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Despite clear guidance Met still don't get the message on photography

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  • Former MemberFormer Member Posts: 1,876,323 The Mix Honorary Guru
    Whowhere wrote: »
    People think they can do whatever they want. They think they can drop their shit all over the floor without punishment. How would you propose dealing with someone who has comitted a non-violent offence if you don't know their name and address and they won't tell you......? Or are you under the belief that they'll just tell you because they "have" to. :rolleyes:

    And littering is a criminal offence, not a civil one and has been for at least 20 years in it's current form.

    Well that's the crux of the issue though isn't it. You should be nowhere near someone for littering. You shouldn't be asking them for their details. Want to deal with litter? Then hire a street sweeper. It's not difficult, is it? Do you honestly think that you represent good value for money in the fight against litter? Do you think that in the case you mentioned, it represented good value to the taxpayer to bring someone through the courts for dropping something on the floor that someone could be employed to pick up? That's the whole problem with the way local government is run at the moment. It's always about fining people and arresting people, rather than just providing a fucking service that means they don't commit the "crime" in the first place.
  • Former MemberFormer Member Posts: 1,876,323 The Mix Honorary Guru
    So we should all be free to drop litter, let our dogs shit everywhere, grafitti property, get pissed in the street, piss in the street? These are all non-violent offences, so why not.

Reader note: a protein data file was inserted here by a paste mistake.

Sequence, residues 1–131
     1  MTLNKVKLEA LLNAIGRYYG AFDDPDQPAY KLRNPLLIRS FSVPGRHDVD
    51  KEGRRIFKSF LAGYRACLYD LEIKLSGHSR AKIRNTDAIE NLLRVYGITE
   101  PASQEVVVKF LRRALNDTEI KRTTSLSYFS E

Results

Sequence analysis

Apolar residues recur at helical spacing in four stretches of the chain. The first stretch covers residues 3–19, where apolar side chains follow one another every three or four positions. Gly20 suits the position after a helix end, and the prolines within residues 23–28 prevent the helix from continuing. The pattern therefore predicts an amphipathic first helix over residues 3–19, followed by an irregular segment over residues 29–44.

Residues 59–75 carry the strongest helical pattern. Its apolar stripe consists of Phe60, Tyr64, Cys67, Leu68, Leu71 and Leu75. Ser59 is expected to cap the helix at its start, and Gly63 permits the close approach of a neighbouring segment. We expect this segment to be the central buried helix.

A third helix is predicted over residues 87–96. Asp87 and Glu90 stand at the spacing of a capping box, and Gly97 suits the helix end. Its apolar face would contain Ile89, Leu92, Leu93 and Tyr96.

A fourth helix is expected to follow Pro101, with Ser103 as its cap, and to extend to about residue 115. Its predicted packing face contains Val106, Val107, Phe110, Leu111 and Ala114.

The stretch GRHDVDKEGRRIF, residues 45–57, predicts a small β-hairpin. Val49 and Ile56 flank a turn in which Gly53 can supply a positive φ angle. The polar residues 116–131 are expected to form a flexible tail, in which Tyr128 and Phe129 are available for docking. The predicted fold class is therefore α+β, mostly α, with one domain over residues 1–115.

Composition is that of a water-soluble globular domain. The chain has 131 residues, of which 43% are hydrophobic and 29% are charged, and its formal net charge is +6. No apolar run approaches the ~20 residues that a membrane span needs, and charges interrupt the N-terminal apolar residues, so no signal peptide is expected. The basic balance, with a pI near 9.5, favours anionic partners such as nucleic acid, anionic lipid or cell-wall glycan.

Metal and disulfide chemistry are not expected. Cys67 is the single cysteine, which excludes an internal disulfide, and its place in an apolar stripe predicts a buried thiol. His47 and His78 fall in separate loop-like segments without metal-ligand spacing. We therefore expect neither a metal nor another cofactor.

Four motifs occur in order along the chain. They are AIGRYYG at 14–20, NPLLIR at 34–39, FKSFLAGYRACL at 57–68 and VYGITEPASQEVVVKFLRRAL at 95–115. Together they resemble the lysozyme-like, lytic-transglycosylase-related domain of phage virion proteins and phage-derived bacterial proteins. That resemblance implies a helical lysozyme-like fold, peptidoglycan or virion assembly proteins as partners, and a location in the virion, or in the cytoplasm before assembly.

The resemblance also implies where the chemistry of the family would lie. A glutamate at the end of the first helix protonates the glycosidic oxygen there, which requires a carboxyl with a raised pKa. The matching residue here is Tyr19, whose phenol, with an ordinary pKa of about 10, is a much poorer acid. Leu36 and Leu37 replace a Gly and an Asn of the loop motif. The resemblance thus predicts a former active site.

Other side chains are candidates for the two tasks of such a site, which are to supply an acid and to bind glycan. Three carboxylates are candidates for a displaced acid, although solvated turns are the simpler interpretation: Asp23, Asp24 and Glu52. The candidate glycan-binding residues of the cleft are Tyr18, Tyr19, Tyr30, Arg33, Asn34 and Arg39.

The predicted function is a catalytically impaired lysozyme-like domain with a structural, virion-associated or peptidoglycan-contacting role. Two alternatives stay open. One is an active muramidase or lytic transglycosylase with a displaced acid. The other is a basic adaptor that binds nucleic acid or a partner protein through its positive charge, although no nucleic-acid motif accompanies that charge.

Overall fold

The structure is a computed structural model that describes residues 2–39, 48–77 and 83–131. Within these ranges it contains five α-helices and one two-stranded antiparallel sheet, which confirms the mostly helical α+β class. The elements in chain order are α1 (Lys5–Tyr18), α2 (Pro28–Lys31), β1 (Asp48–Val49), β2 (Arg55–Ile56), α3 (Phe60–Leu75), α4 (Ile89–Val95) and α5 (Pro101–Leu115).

• Former MemberFormer Member Posts: 1,876,323 The Mix Honorary Guru
    Whowhere wrote: »
    Am I the only person who thinks that NOT questioning somebody who is filming the location of CCTV cameras is a dereliction of duty?

    I'm sorry, but there are times when stopping photographers is a bit pointless, especially when they're armed with a DSLR and tripod and stood next to something that has been photographed millions of times, ie houses of parliament. When they're discreetly filming CCTV cameras on a on-descript, non-touristy public building and the best answer they can come up with is "it's for fun"? I think that qualifies.

    The police are damned whatever we do. If he didn't stop her and later on there is footage released of him just walking past and it later turns out she is responsibile for something, he'd be getting a proper arse-reaming right now.

    I've seen lots of films of PCSOs and PCs acting way outside their remit, hassling genuine photographers and tourists when it's obvious they're not doing anything in the least bit dodgy, and having been on the recieving end myself (from a council warden, not police I might add) I think that a lot do need lessons in common sense. This guy? Nope.


    I also think it's quite convienient that her arrest has been edited out, so we'll never get to see how she was when the cops turn up.

    Fuck off pig.
  • Former MemberFormer Member Posts: 1,876,323 The Mix Honorary Guru
    People think they can do whatever they want. They think they can drop their shit all over the floor without punishment. How would you propose dealing with someone who has comitted a non-violent offence if you don't know their name and address and they won't tell you......? Or are you under the belief that they'll just tell you because they "have" to.